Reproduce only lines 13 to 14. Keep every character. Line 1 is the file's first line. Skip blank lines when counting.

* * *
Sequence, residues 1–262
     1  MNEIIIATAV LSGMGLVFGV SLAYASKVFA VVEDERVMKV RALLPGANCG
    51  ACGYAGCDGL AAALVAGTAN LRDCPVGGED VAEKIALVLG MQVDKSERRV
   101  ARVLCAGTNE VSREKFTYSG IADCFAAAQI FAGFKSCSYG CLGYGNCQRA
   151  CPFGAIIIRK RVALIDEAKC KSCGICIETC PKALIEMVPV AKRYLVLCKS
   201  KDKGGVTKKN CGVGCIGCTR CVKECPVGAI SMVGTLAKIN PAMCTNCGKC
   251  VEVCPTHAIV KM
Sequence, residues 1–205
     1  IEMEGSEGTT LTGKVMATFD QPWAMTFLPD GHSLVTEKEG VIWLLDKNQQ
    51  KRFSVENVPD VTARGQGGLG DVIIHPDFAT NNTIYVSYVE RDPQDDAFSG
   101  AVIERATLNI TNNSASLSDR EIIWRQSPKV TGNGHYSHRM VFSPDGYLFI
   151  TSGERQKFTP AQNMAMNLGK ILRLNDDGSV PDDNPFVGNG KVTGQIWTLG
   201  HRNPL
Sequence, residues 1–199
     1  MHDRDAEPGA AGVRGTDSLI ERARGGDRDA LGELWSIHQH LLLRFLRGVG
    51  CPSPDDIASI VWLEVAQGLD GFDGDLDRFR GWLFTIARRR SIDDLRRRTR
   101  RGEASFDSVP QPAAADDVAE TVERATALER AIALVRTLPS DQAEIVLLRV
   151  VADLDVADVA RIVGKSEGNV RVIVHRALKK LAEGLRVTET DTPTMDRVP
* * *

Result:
   201  HRNPL
Sequence, residues 1–199